Despite these minor flaws, it was widely regarded as one of the greatest sci-fi RPGs around. Mass Effect allowed for semi-open world exploration of many of its planets, usually facilitated by driving (and jumping) around in the Mako, a wheeled all-terrain Armoured Fighting Vehicle. This was generally well received, especially when combat was involved, be it against Geth Armatures or Thresher Maws. However, some felt the Mako’s handling characteristics were a little ‘floaty’, and that many of the explorable planets were formulaic and repetitive.


Mass Effect 1: Thresher Maw Fight



Does the Mako remind anyone else of the ‘80s classic ‘Big Trak’ toy?

Mass Effect 2



2010 saw Mass Effect 2 hit the shelves. Critical reception was positive, with most commentators asserting that it was a superior game to its predecessor. Improvements noted included the absence of Mass Effect’s unsightly texture pop in, and that the combat system had been greatly improved. There were however a number of criticisms levelled at it.


The semi-open world exploration in the Mako had been removed completely, only to be replaced by the much criticised ‘scanning’ mini-game. RPG elements were simplified, as were weapon upgrades, which now affected the whole squad. Some saw this as welcome streamlining, whilst detractors felt it had been ‘dumbed down’ to make it more ‘console friendly’.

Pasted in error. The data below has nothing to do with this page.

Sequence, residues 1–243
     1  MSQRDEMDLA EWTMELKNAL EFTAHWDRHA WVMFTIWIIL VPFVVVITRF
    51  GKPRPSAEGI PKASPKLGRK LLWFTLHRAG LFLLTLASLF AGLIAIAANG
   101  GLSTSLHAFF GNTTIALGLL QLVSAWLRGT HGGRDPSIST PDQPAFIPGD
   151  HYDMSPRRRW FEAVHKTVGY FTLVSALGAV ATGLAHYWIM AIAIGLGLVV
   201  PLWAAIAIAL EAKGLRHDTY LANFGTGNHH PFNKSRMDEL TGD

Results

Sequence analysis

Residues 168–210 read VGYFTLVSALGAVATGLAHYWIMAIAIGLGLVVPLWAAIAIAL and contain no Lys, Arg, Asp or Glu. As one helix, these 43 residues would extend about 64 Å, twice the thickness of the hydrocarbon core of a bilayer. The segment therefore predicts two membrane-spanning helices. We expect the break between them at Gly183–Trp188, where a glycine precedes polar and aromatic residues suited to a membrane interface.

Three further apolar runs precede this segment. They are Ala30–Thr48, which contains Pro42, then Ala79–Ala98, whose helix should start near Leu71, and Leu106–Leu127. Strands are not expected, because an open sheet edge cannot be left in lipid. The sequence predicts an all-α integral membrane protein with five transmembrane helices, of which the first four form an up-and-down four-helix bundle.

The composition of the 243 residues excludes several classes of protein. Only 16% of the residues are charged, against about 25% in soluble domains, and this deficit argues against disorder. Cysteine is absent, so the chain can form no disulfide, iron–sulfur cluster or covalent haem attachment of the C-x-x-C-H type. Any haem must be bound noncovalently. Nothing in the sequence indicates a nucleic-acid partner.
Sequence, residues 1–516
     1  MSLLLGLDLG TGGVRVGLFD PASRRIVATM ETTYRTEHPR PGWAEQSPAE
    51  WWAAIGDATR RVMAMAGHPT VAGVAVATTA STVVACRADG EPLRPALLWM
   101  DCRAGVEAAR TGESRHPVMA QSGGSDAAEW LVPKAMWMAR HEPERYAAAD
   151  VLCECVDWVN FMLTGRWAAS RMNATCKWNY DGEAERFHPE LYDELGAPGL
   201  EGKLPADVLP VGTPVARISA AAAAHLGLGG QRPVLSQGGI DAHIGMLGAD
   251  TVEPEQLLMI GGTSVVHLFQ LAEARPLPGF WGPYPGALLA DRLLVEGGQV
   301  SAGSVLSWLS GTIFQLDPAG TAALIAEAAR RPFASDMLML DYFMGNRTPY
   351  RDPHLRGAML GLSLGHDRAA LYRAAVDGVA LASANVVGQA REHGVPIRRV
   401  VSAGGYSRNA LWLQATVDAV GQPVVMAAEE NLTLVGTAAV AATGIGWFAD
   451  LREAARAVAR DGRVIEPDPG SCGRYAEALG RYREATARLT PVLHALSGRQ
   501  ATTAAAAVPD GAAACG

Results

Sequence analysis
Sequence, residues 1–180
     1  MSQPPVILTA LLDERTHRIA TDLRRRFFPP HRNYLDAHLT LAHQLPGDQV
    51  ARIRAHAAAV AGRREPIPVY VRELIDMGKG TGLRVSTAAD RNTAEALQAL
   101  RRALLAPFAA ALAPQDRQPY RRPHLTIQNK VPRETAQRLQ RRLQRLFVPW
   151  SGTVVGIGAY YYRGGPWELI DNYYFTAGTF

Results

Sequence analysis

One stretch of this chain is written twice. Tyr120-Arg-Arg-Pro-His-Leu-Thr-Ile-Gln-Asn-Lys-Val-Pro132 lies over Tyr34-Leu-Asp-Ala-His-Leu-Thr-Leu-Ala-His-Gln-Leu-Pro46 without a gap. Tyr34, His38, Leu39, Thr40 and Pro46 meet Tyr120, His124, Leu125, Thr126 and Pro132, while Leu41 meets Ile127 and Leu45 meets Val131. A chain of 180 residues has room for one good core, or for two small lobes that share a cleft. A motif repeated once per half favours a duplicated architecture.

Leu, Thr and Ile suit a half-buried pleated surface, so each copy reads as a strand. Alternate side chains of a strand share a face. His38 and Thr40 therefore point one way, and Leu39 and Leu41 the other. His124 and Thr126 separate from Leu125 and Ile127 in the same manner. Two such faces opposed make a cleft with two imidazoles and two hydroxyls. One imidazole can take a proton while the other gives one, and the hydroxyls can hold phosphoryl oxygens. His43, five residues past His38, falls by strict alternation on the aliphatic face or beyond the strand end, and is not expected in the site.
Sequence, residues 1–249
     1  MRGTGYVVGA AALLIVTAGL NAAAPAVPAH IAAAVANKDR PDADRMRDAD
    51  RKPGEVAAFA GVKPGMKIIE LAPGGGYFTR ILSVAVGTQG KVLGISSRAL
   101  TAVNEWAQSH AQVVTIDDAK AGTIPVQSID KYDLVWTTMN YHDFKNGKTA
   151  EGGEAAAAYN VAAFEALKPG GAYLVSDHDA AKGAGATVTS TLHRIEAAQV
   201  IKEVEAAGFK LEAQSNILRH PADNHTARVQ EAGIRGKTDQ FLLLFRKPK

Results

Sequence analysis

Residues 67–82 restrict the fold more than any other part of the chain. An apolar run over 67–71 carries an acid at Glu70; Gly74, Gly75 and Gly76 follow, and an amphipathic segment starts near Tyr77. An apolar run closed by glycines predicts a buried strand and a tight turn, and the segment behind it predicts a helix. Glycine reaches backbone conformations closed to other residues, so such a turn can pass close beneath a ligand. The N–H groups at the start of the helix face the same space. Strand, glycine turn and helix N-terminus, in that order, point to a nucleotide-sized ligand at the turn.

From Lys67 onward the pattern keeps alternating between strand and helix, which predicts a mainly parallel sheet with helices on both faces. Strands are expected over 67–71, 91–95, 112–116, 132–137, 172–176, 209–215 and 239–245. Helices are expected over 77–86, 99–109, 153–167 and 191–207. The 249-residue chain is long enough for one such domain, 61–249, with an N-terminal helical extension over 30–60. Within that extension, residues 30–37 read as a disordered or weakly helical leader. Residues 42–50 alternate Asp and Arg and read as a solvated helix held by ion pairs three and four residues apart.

Some criticised its story, stating that beyond completing missions to recruit your team there was little story progression until the final suicide mission. NB – the lack of semi-open world Mako exploration was solved (somewhat) by the introduction of the Hammerhead vehicle in the highly praised Overlord DLC. Unfortunately, neither the Hammerhead or the semi-open world exploration would appear outside of the Overlord missions.


Some players felt the story was less impactful than the original as the stakes were lower. The game’s main antagonists - the humanoid Collectors, (servants of the Reapers), were described as a less interesting and less threatening opponent than their Reaper masters, one of which - Sovereign - had already been defeated in Mass Effect 1.


Mass Effect 2



Mass Effect 3